In 1959, a newcomer to San Francisco with a few unpublished novels in his suitcase found a job working the night shift at a mental hospital. He got to know the patients there, including World War II veterans suffering from what was then called combat fatigue — now PTSD — and a Native American man struggling with debilitating schizophrenia. During his time on the ward, Ken Kesey was also introduced to new pharmaceutical therapies, especially LSD, then legal and plentiful, which took a place in his life and legend forever.

His distillation of that experience is the now classic novel One Flew Over the Cuckoo’s Nest, published in 1962. The title is derived from an old British nursery rhyme about migrating geese, the freest of birds. Kesey’s story revolves around an unlikely hero, Randle McMurphy, who declared himself the freest of all men, who, like the cuckoo, is smart and cunning. But McMurphy isn’t free, and he’s made a strategic mistake: To get out of an Oregon prison, he feigns insanity and ends up in a mental hospital that’s a gateway to a thousand private hells. One is electroshock therapy, then the current – excuse me – way to make inmates docile. “Anoint my head with conductant,” McMurphy jokes while still able, adding, “Do I get a crown of thorns?”

Observing all this is a Native American man named Chief Broom, close to his birth name Bromden, but embodies the fact that he’s constantly sweeping the hall floor allows him to see everything without being seen himself, though he is towering in height. Bromden’s other subject of study is the head nurse, Mildred Ratched, “a true angel of grace” who is small and quiet, though mean as a cobra. No sooner has McMurphy landed on the ward than he and Sister Ratched set out on a course of mutual destruction, with McMurphy, a natural-born anarchist, determined to keep the orderly, tightly-regulated world she made so harsh within the tightly locked doors of the ward. to create.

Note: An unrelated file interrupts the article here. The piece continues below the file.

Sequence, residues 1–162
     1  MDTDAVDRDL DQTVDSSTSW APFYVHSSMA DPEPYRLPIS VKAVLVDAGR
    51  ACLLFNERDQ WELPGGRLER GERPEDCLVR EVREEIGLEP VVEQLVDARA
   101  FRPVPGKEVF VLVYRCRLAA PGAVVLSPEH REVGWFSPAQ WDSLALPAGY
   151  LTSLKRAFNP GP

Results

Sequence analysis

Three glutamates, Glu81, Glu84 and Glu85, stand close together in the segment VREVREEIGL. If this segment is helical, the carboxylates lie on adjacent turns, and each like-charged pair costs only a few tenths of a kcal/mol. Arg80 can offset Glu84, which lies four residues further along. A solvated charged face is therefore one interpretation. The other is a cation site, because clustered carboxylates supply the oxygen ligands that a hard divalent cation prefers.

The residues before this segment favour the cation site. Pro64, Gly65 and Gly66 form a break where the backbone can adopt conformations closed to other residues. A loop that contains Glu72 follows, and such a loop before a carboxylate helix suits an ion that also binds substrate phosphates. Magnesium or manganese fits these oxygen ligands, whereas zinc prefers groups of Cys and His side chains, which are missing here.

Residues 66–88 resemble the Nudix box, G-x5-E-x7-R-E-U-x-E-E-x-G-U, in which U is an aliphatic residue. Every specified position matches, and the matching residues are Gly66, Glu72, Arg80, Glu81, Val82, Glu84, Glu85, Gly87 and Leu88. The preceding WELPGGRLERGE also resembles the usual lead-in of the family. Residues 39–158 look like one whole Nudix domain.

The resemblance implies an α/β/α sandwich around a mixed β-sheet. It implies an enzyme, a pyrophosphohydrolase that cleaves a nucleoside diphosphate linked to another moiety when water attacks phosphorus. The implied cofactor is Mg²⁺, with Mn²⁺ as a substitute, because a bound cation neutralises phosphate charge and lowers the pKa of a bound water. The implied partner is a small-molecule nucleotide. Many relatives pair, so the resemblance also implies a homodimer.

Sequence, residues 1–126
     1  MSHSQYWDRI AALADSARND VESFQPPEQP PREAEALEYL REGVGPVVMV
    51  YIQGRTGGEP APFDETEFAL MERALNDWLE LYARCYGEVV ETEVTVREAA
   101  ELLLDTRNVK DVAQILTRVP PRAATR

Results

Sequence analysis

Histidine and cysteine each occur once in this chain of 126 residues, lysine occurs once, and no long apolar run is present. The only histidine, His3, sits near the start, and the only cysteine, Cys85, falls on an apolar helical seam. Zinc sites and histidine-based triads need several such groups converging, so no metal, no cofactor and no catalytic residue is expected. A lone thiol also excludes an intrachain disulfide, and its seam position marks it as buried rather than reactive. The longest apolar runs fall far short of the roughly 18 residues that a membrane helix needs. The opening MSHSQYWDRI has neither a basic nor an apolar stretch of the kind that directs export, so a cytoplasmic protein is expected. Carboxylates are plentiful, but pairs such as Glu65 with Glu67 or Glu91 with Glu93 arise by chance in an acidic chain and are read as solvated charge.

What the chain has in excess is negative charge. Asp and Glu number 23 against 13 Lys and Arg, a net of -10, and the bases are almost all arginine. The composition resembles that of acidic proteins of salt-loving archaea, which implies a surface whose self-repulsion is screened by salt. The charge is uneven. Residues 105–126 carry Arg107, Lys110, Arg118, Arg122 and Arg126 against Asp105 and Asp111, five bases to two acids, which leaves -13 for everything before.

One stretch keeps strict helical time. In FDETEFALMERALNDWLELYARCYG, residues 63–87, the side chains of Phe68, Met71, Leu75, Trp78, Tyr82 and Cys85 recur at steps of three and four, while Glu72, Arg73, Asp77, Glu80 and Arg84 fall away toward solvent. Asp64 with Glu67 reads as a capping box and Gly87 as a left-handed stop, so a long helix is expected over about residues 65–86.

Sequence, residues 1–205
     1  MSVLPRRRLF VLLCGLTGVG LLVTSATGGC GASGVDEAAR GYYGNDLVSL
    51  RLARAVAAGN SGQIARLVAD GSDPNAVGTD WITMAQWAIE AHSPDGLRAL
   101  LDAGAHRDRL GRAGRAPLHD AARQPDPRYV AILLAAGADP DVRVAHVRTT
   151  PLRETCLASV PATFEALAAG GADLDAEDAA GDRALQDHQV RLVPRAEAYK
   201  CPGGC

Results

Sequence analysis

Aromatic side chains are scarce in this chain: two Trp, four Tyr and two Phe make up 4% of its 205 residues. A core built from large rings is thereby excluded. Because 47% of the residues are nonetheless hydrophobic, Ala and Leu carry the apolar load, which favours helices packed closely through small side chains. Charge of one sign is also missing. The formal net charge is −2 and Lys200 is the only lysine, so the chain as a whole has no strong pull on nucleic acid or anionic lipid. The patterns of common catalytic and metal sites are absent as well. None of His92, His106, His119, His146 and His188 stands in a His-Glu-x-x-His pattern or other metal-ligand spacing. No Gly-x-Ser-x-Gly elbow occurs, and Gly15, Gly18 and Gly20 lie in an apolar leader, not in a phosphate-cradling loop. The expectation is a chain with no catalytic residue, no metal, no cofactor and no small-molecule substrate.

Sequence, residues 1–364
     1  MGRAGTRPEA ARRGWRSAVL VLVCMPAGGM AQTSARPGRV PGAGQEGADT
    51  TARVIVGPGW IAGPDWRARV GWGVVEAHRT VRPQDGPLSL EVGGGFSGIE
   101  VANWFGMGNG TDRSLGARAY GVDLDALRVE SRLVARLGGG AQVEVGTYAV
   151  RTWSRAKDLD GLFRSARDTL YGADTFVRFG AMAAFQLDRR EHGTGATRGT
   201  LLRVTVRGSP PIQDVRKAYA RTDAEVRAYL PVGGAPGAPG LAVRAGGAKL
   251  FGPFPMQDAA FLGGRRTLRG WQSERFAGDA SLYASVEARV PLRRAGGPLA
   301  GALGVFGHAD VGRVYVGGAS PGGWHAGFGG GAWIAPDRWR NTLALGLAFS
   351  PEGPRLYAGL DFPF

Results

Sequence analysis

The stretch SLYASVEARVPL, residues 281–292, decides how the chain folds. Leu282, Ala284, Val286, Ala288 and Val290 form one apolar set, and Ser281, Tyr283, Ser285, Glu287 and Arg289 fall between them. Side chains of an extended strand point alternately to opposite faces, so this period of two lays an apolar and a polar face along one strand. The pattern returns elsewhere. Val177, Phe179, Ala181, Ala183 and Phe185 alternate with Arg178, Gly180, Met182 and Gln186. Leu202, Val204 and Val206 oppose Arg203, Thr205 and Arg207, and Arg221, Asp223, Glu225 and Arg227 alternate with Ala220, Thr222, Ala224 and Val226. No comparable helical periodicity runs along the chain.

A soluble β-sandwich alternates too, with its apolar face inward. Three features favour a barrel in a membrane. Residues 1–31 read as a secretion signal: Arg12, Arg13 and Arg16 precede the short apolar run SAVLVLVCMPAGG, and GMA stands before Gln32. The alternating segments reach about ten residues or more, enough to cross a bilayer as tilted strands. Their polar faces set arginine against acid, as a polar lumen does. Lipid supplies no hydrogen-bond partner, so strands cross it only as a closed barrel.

There was no better fictional talisman for the emerging 1960s than McMurphy’s rebellion against authority in all its forms, and One Flew Over the Cuckoo’s Nest became a favorite reading on campuses across the country. My copy, purchased in 1972, is the 19th paperback; there have been dozens more since then. The 1975 Miloš Forman film adaptation, starring Jack Nicholson as a letter-perfect McMurphy and Louise Fletcher as a hard-nosed, creepy nurse Ratched, propelled sales of Kesey’s book to new heights, and it never sold out.

By then, Kesey had published a book that was even better than… cuckoo’s nestnamely Sometimes a great idea, one of the truly great American novels. (By the way, McMurphy wears white whale boxers as a subtle tribute to another great book.) Kesey’s writing would grow after that, well, a hit or miss, but two masterpieces are two more than most writers make. Sixty years later, with madness and rebellion all around us, his debut novel remains an essential, timeless work of American literature.

Gregory McNamee is a contributing editor.